• responsibility beyond the individual’s capacity.

Failure to manage workplace stress

WorkSafe inspectors will investigate stress complaints and can examine the management of workplace stressors. Any failure to minimise or eliminate the risks associated with stress in the workplace may result in a prosecution under the HSWA, an improvement or prohibition notice being issued, or a personal grievance being brought (by the employee) against the PCBU.

Redesign the work and method of work: Prevention

The best thing an employer can do to help employees with workplace stress is to adopt a preventative approach. Identify and mitigate the risks to employee wellbeing in the workplace by considering the following areas:

Protect: Identify risks to mental health and wellbeing, eliminate or minimise at source where practicable and design in protective factors.
Support: Provide access to appropriate workplace and clinical support, monitor the effectiveness of controls and review for continuous improvement.
Foster: Develop the mental health and wellbeing capability of individuals and teams.
Reclaim: Restore the mental health and wellbeing of individuals and teams.

Implementation of the above areas will look different in every workplace but the common threads will always include actively listening to employees and being open minded to suggestions when they are made.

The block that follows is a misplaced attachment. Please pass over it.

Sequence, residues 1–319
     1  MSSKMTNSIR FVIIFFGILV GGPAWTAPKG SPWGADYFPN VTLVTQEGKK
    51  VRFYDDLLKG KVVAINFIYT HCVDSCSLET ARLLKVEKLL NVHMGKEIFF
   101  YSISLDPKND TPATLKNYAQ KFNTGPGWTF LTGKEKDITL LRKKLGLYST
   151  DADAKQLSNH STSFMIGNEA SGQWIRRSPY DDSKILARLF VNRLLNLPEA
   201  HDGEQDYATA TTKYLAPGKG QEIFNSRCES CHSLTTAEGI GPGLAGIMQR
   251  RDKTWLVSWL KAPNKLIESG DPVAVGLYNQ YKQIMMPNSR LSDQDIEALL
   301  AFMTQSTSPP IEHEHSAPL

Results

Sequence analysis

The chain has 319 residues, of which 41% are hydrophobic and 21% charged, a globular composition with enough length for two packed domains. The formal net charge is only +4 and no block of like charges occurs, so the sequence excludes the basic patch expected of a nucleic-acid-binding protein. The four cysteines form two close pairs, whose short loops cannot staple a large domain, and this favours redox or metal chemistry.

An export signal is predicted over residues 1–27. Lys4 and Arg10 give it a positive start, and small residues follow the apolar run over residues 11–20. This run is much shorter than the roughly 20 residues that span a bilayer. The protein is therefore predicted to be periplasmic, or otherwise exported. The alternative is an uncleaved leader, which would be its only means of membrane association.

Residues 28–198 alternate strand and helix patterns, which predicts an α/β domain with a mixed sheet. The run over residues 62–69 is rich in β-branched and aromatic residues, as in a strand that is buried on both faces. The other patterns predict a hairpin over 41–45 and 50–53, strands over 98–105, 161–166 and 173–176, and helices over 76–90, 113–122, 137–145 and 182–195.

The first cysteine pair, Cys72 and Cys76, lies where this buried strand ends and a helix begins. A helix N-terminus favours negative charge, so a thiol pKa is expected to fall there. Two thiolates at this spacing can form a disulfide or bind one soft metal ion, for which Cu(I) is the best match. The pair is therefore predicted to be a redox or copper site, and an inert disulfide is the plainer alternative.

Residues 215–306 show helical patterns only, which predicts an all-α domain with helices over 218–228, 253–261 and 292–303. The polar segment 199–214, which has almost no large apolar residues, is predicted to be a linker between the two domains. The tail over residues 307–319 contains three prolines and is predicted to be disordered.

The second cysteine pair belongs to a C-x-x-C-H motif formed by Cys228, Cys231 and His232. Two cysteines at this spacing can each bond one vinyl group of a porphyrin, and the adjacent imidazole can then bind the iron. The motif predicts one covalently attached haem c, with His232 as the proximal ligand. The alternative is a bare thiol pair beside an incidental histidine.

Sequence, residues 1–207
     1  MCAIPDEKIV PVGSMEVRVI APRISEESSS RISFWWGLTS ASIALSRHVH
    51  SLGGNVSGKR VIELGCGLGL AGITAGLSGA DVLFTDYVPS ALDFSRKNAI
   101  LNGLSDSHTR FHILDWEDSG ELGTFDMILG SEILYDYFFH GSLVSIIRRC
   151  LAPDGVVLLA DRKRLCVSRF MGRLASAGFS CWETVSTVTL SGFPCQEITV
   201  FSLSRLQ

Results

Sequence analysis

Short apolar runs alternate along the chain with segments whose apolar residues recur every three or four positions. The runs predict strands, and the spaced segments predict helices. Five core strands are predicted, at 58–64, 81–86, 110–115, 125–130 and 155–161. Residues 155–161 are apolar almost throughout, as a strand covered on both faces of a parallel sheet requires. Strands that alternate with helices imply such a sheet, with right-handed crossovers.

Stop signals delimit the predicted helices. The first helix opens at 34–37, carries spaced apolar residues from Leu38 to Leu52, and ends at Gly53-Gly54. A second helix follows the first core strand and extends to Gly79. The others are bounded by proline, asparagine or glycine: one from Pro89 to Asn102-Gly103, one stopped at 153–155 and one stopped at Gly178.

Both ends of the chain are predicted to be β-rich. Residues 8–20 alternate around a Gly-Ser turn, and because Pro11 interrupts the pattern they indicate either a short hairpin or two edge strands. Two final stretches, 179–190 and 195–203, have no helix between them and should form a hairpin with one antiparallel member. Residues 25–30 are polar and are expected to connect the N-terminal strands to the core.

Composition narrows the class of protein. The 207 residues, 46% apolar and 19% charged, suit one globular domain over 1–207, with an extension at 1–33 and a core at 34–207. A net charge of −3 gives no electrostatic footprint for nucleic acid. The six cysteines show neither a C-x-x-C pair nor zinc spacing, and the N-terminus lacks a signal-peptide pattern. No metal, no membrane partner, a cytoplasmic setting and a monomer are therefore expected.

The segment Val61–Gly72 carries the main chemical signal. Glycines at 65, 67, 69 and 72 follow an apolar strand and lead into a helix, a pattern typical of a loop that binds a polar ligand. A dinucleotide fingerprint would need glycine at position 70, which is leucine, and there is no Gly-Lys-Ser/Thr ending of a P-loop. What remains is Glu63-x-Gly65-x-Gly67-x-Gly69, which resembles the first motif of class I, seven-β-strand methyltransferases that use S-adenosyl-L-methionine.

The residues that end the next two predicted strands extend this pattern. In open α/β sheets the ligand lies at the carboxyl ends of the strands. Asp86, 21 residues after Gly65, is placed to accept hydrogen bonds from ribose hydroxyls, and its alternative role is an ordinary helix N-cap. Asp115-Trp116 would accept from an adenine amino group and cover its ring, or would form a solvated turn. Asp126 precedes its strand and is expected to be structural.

Women’s World Cup success?

Following on from the NZR review, the Black Ferns head coach has resigned, with former All Blacks coach Wayne Smith being appointed to head a new set up for the team. With the Women’s World Cup being less than six months away, lets hope that Ms Ngata-Aerengamatea’s experience becomes something of the past.

This article was prepared by Senior Associate Kirsty Wallace. If you would like further information, advice, or assistance please contact a member of our specialist employment or health and safety teams.

Disclaimer: The content of this article is general in nature and not intended as a substitute for specific professional advice on any matter and should not be relied upon for that purpose.

Related insights

Find an expert